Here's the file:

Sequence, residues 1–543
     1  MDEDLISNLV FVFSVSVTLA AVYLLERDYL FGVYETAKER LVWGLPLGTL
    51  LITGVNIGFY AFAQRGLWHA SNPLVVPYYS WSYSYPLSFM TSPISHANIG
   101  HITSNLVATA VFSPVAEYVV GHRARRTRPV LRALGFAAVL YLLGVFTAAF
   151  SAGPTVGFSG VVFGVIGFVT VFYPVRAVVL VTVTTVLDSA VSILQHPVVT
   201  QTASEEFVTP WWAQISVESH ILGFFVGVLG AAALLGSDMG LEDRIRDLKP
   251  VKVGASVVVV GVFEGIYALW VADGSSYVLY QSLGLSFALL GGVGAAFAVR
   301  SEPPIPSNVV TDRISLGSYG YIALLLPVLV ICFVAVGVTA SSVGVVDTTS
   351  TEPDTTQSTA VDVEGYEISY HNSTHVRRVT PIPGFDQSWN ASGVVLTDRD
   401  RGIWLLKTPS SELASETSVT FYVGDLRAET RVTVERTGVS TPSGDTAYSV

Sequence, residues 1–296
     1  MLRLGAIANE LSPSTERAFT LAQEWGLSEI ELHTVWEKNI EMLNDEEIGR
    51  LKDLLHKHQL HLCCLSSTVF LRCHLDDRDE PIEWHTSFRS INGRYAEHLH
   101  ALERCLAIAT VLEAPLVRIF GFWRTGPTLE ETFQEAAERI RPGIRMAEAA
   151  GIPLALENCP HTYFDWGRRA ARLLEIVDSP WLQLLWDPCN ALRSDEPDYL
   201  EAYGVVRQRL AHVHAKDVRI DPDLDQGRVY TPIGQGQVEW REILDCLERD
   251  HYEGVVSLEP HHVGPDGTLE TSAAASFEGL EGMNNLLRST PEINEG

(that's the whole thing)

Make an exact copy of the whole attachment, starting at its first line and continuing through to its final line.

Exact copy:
Sequence, residues 1–543
     1  MDEDLISNLV FVFSVSVTLA AVYLLERDYL FGVYETAKER LVWGLPLGTL
    51  LITGVNIGFY AFAQRGLWHA SNPLVVPYYS WSYSYPLSFM TSPISHANIG
   101  HITSNLVATA VFSPVAEYVV GHRARRTRPV LRALGFAAVL YLLGVFTAAF
   151  SAGPTVGFSG VVFGVIGFVT VFYPVRAVVL VTVTTVLDSA VSILQHPVVT
   201  QTASEEFVTP WWAQISVESH ILGFFVGVLG AAALLGSDMG LEDRIRDLKP
   251  VKVGASVVVV GVFEGIYALW VADGSSYVLY QSLGLSFALL GGVGAAFAVR
   301  SEPPIPSNVV TDRISLGSYG YIALLLPVLV ICFVAVGVTA SSVGVVDTTS
   351  TEPDTTQSTA VDVEGYEISY HNSTHVRRVT PIPGFDQSWN ASGVVLTDRD
   401  RGIWLLKTPS SELASETSVT FYVGDLRAET RVTVERTGVS TPSGDTAYSV

Sequence, residues 1–296
     1  MLRLGAIANE LSPSTERAFT LAQEWGLSEI ELHTVWEKNI EMLNDEEIGR
    51  LKDLLHKHQL HLCCLSSTVF LRCHLDDRDE PIEWHTSFRS INGRYAEHLH
   101  ALERCLAIAT VLEAPLVRIF GFWRTGPTLE ETFQEAAERI RPGIRMAEAA
   151  GIPLALENCP HTYFDWGRRA ARLLEIVDSP WLQLLWDPCN ALRSDEPDYL
   201  EAYGVVRQRL AHVHAKDVRI DPDLDQGRVY TPIGQGQVEW REILDCLERD
   251  HYEGVVSLEP HHVGPDGTLE TSAAASFEGL EGMNNLLRST PEINEG